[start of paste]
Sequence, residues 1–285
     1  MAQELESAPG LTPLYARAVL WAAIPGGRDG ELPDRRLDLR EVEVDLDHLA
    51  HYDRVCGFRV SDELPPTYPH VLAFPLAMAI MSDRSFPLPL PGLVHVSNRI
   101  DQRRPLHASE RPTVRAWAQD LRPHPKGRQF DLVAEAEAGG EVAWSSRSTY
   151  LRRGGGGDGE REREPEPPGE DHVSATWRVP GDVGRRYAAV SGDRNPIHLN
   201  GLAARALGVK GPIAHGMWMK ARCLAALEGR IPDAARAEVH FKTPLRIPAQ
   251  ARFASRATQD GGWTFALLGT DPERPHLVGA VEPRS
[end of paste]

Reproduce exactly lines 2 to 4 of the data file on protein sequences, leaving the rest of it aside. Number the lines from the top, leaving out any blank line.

     1  MAQELESAPG LTPLYARAVL WAAIPGGRDG ELPDRRLDLR EVEVDLDHLA
    51  HYDRVCGFRV SDELPPTYPH VLAFPLAMAI MSDRSFPLPL PGLVHVSNRI
   101  DQRRPLHASE RPTVRAWAQD LRPHPKGRQF DLVAEAEAGG EVAWSSRSTY